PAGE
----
National and community college studies indicate that students are more successful if they complete a student success course. Therefore, in the fall of 1997, Wilkes Community College implemented a policy that requires all degree/diploma-seeking students to successfully complete a student success course.
Students in Associate in Applied Science (AAS) programs are required to complete ACA 115 within their first 13 semester hours of enrollment at WCC.
All Associate in Arts (AA) and Associate in Science (AS) students (those planning to transfer to a four-year college or university) are encouraged to take ACA 122 during their first semester of enrollment at WCC.
ACA 115 Success and Study Skills
ACA 115 is organized according to three major concepts: extended orientation, academic success strategies, and applied critical thinking. The extended orientation concept involves connecting students to WCC technology, services, and expectations. Students practice reading, note taking, and test taking strategies to enhance their college academic success skills. Finally, information literacy, financial literacy, and career awareness make up the applied critical thinking approach in ACA 115.
ACA 118 College Study Skills
ACA 118 provides students opportunities to reflect on and improve their study skills. Topics include time management, note taking, test taking, active reading strategies, critical thinking, and communication skills. Students will become familiar with the college learning management system Moodle and demonstrate technology skills associated with college success. Finally, ACA 118 students will research and explore career options. This course is offered primarily to Wilkes Early College High School students.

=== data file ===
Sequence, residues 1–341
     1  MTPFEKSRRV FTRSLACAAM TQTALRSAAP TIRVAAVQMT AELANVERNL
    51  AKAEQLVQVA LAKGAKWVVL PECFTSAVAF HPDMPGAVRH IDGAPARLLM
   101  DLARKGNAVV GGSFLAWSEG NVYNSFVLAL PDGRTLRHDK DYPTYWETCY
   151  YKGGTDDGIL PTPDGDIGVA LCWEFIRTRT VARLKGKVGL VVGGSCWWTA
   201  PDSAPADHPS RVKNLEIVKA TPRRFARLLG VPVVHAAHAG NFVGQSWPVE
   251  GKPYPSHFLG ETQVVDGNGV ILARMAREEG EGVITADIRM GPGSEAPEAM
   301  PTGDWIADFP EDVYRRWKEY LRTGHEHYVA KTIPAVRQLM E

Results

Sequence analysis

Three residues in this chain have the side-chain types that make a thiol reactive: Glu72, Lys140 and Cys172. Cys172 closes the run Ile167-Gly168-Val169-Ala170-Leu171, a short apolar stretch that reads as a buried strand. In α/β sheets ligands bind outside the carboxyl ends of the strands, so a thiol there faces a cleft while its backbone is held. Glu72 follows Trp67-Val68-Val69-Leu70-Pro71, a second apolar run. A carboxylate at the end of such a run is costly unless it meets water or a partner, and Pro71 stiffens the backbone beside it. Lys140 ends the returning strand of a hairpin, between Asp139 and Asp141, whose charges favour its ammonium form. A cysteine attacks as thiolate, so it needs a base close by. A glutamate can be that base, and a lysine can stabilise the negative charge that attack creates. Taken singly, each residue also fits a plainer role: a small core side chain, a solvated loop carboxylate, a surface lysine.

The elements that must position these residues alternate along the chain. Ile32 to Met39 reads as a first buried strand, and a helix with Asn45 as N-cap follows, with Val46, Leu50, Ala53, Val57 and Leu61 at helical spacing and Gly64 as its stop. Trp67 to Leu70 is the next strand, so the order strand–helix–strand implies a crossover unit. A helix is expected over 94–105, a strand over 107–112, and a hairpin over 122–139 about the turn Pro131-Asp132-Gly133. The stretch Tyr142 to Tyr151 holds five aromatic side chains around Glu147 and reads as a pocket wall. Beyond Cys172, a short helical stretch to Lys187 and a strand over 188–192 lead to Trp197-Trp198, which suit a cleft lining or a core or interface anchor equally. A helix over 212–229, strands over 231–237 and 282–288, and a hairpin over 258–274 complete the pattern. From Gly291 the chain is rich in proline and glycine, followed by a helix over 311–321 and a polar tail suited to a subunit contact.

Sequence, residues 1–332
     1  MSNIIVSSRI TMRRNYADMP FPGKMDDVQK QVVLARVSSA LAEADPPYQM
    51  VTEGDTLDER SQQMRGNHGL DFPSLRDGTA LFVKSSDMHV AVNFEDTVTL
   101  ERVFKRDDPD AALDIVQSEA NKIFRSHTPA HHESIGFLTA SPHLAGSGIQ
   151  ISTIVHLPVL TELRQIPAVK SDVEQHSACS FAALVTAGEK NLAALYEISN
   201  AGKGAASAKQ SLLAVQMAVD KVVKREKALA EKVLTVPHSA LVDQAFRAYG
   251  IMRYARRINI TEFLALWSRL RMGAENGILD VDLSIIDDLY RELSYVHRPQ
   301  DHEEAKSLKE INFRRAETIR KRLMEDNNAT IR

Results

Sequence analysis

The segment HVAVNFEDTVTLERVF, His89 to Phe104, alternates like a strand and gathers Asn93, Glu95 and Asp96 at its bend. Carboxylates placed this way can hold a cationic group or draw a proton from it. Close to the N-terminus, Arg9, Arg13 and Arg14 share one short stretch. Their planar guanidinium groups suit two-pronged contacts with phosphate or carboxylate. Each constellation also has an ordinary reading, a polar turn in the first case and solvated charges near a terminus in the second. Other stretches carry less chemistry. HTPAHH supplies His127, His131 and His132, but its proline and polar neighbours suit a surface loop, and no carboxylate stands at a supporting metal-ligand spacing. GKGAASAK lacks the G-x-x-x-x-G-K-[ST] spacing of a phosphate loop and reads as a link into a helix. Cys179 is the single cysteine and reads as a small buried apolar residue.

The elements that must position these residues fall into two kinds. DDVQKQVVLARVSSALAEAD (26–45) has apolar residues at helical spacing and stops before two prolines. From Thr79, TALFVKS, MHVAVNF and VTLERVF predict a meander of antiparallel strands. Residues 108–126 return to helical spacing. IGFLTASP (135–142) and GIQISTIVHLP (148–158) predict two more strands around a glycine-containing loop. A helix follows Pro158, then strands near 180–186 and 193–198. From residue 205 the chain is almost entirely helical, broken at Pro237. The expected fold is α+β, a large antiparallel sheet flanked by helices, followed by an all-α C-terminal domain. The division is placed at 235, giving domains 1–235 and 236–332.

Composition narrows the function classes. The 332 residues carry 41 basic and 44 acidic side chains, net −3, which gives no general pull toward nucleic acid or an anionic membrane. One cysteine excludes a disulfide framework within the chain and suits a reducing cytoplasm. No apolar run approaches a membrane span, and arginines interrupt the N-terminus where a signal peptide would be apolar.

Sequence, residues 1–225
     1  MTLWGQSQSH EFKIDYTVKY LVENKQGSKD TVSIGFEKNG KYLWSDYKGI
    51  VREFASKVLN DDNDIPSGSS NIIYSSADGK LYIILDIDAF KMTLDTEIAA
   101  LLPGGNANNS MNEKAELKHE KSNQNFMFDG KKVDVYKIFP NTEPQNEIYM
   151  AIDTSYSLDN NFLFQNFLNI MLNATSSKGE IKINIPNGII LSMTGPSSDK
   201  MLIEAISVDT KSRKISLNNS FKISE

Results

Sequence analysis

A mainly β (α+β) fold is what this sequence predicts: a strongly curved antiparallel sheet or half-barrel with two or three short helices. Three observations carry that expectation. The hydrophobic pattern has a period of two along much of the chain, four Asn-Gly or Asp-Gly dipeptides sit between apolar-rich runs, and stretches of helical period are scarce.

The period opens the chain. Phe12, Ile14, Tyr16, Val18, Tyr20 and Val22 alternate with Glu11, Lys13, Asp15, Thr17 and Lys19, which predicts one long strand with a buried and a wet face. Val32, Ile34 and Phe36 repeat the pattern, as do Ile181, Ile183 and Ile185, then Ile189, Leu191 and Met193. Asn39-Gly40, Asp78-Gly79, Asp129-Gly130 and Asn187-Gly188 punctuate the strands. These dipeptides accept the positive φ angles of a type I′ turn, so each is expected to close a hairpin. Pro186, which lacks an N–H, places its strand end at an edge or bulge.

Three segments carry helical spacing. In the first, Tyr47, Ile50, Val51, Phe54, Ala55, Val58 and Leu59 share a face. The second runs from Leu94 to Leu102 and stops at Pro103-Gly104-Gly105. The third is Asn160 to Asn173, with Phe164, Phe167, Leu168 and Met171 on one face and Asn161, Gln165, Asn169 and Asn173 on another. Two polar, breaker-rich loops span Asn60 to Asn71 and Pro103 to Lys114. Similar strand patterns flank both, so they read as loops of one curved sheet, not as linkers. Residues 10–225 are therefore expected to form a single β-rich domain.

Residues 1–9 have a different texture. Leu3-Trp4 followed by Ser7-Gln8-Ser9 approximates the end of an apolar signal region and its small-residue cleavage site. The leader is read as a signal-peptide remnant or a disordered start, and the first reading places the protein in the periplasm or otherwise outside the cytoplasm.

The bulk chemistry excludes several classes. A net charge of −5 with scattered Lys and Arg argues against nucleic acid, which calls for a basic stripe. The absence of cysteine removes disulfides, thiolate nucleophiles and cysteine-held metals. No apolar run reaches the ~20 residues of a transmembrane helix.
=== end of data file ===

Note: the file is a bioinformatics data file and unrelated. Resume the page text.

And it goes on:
ACA 122 College Transfer Success
Students enrolling in the Associate in Arts (AA), Associate in Science (AS), and Associate in Engineering (AE) programs are required to take ACA 122 as their student success course. Students are involved in activities that support six outcomes: developing a plan to complete community college goals, creating a transfer plan, understanding North Carolina transfer guidelines, enhancing learning strategies, connecting to college resources, and working with college policies and procedures. Students are expected to compare resources, policies, and procedures between the community college and university levels.